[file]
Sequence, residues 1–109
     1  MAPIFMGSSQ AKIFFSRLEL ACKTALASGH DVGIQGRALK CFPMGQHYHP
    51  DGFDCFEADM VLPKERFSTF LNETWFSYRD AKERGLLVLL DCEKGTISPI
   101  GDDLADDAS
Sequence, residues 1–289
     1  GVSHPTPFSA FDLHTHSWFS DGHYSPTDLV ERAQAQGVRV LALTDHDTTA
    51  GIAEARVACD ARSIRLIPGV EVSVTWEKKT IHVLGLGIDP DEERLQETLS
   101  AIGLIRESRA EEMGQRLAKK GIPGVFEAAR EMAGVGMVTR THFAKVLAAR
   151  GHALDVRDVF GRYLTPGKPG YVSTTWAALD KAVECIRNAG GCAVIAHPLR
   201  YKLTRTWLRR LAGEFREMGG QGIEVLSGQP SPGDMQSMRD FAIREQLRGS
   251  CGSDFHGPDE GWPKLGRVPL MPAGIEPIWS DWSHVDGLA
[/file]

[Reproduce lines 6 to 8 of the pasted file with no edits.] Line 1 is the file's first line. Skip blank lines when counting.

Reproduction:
     1  GVSHPTPFSA FDLHTHSWFS DGHYSPTDLV ERAQAQGVRV LALTDHDTTA
    51  GIAEARVACD ARSIRLIPGV EVSVTWEKKT IHVLGLGIDP DEERLQETLS
   101  AIGLIRESRA EEMGQRLAKK GIPGVFEAAR EMAGVGMVTR THFAKVLAAR